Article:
Meiosis is a specialized cell division characterized by a single round of DNA replication followed by two rounds of chromosome segregation, resulting in the formation of gametes. Cohesin is a chromosome-associated multiprotein ring that maintains sister chromatid cohesion, and which is essential for accurate chromosome/chromatid segregation. During meiosis, cohesin disassembly is particularly complicated by the requirement for sequential loss of cohesion along the chromosome arms at the first meiotic division (MI) and then at the centromere during the second meiotic division (MII). NIMA-like kinase 1 (NEK1) is a dual specific serine/threonine and tyrosine kinase that is highly expressed in germ cells. Loss of NEK1 in mice leads to retention of the cohesin subunit SMC3 on chromosome arms at MI and subsequent infertility. Cohesin removal is orchestrated in two steps, first by ?the prophase pathway?, followed by Separase-mediated cleavage of the cohesin ring. The prophase pathway is defined by the stoichiometry between the Wings-apart-like protein (WAPL) and Sororin, which compete for binding to PDS5B on the cohesin ring, but this pathway has not yet been described in meiosis. My preliminary data reveal exciting roles for NEK1 in the regulation of cohesin dynamics at MI, both directly at the level of the cohesin subunits, SMC3, RAD21L and REC8, and indirectly through phosphorylation the PDS5B-WAPL complex. Furthermore, my studies have shown that NEK1 action on the prophase pathway is mediated via Protein Phosphatase 1-gamma (PP1?), which is a phosphotarget of NEK1, and which binds and de-phoshphorylates WAPL. Moreover, my preliminary studies indicate that NEK1 also regulates a cascade of other NEK proteins to perform other roles in MI that are distinct from its activity on cohesion dynamics. Thus, I hypothesize that NEK1 acts as master regulator of events in meiosis, primarily playing a crucial role in the timing of cohesin removal at MI through its actions on critical components of the prophase pathway, but also in orchestrating the actions of other NEK kinases. My long term goal is to elucidate how NEK1 regulates cohesion removal at MI, but also to further characterize the role of NEK1 catalytic activity in orchestrating downstream events at both meiotic divisions.
Three specific aims are proposed: (1) To elucidate the role of NEK1 in the phosphorylation of PP1?, (2) To assess the importance of WAPL phosphorylation on cohesion removal at MI and (3) To elucidate the function of NEK1 as a master regulator of the NEK family during meiosis. These experiments will provide a novel and exciting data that describes, for the first time, the the role of NEK1 in the regulation of cohesin removal during the prophase pathway in meiosis. The applicant, Dr. Brieo-Enrquez, is an MD, PhD with considerable experience in the field of gamete biology. The applicant has studied distinct process of gamete biology in humans and mice, with a goal to understanding the complex events that give rise to healthy gametes for sexual reproduction. The ultimate goal of the applicant is to establish a unique and state-of-the-art research program aimed at understanding how mammalian meiosis and gametogenesis is regulated and what events may be defective in humans, where the error rates associated with meiosis are exceptionally high. Thus, a career development plan has been established to provide Dr. Brieo-Enrquez with all the necessary tools to establish a robust research program in a stellar academic institution. In addition to the best scientific resources available, Dr. Brieo-Enrquez will benefit from a wide variety of workshops and seminars available at his host institution, Cornell University. Topics include job searches, preparing an application and preparing for an interview, negotiating a startup package, establishing a lab, and building an effective research team. In addition, there are courses devoted to improving teaching skills, writing grants, and dealing with conflict in the work place, to mention just a few. Dr. Brieo-Enrquez will also benefit from an outstanding mentoring team, led by his mentors, Dr. Paula Cohen and Dr. Mark Roberson, both highly regarded in the field of Reproductive Biology, and both having much experience in mentoring successful postdoctoral fellows. Supporting this mentoring team is an outstanding advisory committee consisting of experts in the field of kinase biology (Dr. Marcus Smolka), cohesins (Dr. Michael Goldberg), mouse transgenesis and reproduction (Dr. John Schimenti). The applicant will meet frequently with his mentors and advisory team, both informally and formally. Moreover, the mentors and advisory committee have committed to assisting Dr. Brieo-Enrquez as he develops his research skills, and will help him to craft a strong faculty application, job seminar, and chalk talk. Lastly, Dr. Cohen has committed to supporting Dr. Brieo-Enrquez financially through his research and to providing ongoing mentorship as he transitions to his newly independent position. In summary, Dr. Brieo-Enrquez has devised an exciting and novel proposal that seeks to define the role of the NIMA-like kinases in the meiotic cell divisions. In doing so, he will create a robust and novel niche for himself in the field of gamete biology. To assist him, he has assembled a world-class mentoring team and a strong development plan, all with a unified goal of promoting the successful transition to independence of this exciting young scientist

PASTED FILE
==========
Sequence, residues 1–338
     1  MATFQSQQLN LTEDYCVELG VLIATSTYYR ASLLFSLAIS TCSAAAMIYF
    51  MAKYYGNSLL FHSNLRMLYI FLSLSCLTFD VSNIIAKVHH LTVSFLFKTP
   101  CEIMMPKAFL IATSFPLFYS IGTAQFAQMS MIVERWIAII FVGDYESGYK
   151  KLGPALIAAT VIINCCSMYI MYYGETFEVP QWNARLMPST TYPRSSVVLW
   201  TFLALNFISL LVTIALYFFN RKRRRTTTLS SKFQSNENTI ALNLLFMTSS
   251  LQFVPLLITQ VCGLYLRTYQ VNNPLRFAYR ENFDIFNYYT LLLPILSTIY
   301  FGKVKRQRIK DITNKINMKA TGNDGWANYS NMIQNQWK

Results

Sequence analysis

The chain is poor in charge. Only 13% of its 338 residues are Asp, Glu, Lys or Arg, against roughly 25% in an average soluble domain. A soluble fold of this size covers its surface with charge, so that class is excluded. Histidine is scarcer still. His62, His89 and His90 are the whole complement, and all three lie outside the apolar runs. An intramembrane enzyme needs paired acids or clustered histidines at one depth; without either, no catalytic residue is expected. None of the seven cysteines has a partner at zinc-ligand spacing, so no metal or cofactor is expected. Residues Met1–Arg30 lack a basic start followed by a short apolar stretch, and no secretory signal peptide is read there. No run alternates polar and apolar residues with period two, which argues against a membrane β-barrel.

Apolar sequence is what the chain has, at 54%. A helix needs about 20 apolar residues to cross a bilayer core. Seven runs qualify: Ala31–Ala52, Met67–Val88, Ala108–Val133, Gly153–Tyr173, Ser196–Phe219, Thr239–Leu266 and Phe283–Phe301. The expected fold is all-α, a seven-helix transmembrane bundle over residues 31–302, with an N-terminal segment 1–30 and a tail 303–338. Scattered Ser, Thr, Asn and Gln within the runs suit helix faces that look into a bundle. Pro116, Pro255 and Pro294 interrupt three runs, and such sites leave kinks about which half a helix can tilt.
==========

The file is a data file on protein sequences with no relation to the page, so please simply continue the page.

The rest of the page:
Infertility affects about 10-15% of the reproductive population in the United States, with many of these cases being classified as idiopathic. In human, errors during meiotic prophase I can lead to infertility, miscarriages, birth defects, and some cases premature ovarian failure. Understanding the roles of NEK1 in chromosomal segregation during meiosis will increase our understanding of the mechanism that control the high rates of aneuploidies and infertility.
|Brieño-Enríquez, Miguel A; Moak, Stefannie L; Holloway, J Kim et al. (2017) NIMA-related kinase 1 (NEK1) regulates meiosis I spindle assembly by altering the balance between ?-Adducin and Myosin X. PLoS One 12:e0185780|